If you cannot find a two-gap guy, then your team might have to rely on a smaller (relatively speaking) one-gap nose tackle. Using this style, the nose would shoot gaps and try to penetrate into the opposing backfield on nearly every snap. New Georgia defensive coordinator Todd Grantham does a great job explaining how undersized Jay Ratliff of the Dallas Cowboys makes all-pro as a one-gap nose tackle.
The defensive ends also need to be jumbo sized in the 3-4. Most of the pass rush in this alignment will come from blitzing outside linebackers, so you want your team to have ends in the 3-4 that can clog up the opposing run game. By the way – for the old-timers and traditionalists out there (including me) – to us, the modern “end” in a 3-4 is what we’d call a tackle in “50” terminology.
On to the 4-3. Your team better be able to recruit even more size up front.
Your squad will have two huge tackles lined up inside, and two more large (and agile) defensive ends that must be able to rush the passer and fend off run blockers. My beloved Fighting Irish have had much trouble recruiting defensive linemen for many years … moving to a 3-4 puts less a premium on recruiting these highly coveted athletes because you only need three instead of four.
While I actually prefer the 4-3 alignment (and almost all coaches who can get the athletes to run it would use it), the 3-4 is probably more unpredictable.
One of the two outside linebackers is going to be rushing the passer on virtually every play – so in both schemes you have a minimum of four pass rushers. The difference is that in the 3-4, offenses cannot be sure which OLB will be charging the quarterback.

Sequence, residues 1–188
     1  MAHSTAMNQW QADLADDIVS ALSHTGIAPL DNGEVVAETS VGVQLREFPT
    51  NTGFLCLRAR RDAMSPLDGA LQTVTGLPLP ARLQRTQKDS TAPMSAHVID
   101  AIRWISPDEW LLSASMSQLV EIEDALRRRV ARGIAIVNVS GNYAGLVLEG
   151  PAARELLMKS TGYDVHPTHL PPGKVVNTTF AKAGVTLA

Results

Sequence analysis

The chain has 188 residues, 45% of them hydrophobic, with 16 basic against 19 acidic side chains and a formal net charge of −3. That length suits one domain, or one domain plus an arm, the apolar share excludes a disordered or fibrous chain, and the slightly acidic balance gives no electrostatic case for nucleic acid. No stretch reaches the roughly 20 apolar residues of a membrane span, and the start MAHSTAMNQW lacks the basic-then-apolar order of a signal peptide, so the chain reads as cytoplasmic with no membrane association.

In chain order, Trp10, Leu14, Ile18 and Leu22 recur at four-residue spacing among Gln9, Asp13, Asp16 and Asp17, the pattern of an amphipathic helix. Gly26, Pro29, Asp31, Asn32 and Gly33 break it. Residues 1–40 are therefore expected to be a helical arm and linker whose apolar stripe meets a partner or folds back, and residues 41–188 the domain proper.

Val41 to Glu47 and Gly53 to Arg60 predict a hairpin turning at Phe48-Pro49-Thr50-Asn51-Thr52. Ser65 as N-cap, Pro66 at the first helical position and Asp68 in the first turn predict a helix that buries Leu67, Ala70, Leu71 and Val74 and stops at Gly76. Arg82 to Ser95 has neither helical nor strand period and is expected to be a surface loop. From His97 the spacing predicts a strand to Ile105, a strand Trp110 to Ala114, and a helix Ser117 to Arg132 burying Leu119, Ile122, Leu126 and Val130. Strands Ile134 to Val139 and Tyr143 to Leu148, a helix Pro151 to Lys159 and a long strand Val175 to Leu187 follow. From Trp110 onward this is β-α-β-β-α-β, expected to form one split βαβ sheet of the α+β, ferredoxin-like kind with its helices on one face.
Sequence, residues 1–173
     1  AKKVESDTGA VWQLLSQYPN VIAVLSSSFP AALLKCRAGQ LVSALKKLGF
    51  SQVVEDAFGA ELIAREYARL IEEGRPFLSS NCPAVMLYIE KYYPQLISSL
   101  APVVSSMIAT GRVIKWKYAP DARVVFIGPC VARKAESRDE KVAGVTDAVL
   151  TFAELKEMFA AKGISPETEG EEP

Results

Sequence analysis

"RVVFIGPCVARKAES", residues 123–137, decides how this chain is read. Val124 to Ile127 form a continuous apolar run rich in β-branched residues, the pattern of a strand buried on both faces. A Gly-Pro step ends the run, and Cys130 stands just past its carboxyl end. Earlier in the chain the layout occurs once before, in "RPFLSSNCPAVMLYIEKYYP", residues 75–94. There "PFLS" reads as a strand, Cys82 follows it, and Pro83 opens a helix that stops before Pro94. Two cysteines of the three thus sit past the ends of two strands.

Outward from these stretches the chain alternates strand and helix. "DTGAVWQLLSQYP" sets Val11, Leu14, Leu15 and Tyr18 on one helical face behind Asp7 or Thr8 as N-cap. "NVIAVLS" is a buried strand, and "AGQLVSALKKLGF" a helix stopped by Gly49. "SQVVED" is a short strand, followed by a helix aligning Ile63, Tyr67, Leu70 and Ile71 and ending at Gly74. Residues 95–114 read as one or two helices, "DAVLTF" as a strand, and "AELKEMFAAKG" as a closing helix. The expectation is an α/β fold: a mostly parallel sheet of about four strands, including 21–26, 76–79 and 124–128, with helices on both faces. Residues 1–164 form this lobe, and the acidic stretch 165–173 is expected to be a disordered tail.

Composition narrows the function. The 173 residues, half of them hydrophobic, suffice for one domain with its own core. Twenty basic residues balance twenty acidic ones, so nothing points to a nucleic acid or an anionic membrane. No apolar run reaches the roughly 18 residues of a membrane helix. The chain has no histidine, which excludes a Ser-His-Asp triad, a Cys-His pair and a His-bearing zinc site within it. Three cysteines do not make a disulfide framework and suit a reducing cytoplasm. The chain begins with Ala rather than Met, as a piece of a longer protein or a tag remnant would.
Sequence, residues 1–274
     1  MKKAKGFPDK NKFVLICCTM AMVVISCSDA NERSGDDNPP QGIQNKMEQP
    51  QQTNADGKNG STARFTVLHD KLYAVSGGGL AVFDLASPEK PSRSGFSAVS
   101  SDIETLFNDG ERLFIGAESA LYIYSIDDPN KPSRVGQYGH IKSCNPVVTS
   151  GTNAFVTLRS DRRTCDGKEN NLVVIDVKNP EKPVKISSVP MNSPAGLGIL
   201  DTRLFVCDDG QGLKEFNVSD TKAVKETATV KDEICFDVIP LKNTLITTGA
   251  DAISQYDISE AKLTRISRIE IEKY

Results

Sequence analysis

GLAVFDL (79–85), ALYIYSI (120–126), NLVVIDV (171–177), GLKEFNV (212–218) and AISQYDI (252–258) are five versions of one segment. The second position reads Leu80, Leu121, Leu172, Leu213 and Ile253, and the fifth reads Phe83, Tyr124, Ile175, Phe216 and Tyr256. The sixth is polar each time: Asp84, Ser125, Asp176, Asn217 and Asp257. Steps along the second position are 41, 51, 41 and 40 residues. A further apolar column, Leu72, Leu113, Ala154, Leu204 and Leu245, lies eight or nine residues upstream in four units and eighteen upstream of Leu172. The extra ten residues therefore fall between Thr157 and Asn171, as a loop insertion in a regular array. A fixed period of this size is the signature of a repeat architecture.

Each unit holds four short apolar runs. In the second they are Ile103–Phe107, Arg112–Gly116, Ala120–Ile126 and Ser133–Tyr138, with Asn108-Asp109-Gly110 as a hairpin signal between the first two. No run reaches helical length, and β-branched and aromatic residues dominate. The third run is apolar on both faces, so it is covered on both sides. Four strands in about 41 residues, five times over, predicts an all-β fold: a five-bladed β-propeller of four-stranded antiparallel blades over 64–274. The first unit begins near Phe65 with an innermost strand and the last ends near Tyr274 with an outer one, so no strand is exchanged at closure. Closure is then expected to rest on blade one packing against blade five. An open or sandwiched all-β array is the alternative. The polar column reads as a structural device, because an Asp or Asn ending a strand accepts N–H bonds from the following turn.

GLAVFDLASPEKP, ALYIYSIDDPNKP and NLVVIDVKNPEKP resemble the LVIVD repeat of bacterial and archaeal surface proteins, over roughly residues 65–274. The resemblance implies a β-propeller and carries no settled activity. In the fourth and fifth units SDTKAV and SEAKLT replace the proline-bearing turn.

So … What Does Your Team Need?
When your team inks its new recruiting class next Wednesday, you should really be able to analyze the defensive front haul based on your team’s needs (rather than your wants). Those needs are based on the alignments we just addressed.
Here are some points of analysis to measure whether your school had a successful recruiting season:
In the 3-4 …
Did you seek one-gap or two-gap nose tackles? If you land a big guy or two (300+ lbs. or so) you might have the coveted two-gapper. If your nose guys are all in the 280-300 lb. range, expect your defensive coordinator to be shooting the gaps.
Did you land at least two more big defensive linemen to fill the run-stopping requirements of those defensive end positions?
Look closely at players labeled linebackers. Did you get at least two or three rather tall (6’4 to 6’6), rangy athletes quick enough to rush the passer, strong enough to take on run-blockers, and agile enough to drop into pass coverage? If so, those are your outside linebackers.
In the 4-3 …
Where’s the beef?
Your squad better stock up on plenty of big bodies. Depending on your returning roster, every recruiting class usually needs at least two big monsters (300+ lbs. – height is not paramount) to man the tackle positions, and probably four big athletes (at least 6’2 and between 260-280 lb. range) to handle the tough defensive end slots.
Did you sign good size and numbers at linebacker and in the secondary?
Doing so fills two needs. Obviously, you need three LBs and four defensive backs on the field in your base defense. So, numbers are important.
The other benefit is that these guys often grow into another position. Miami in the 1980s, 90s, and early 2000s made a living by turning secondary recruits into smallish, fast linebackers (think Ray Lewis and Jonathan Vilma), and linebacker recruits into smallish, fast defensive linemen (think Cortez Kennedy and Warren Sapp).
You Just Might Find
College football fans celebrate National Signing Day next week as one contest when there are no losers. Every team will sign a whole bunch of good players.
Some of you will be disappointed because your team didn’t get everything you wanted.
But, if you try real hard (and analyze), you just might find … you get what you need. Oh yeah.
See you at kickoff!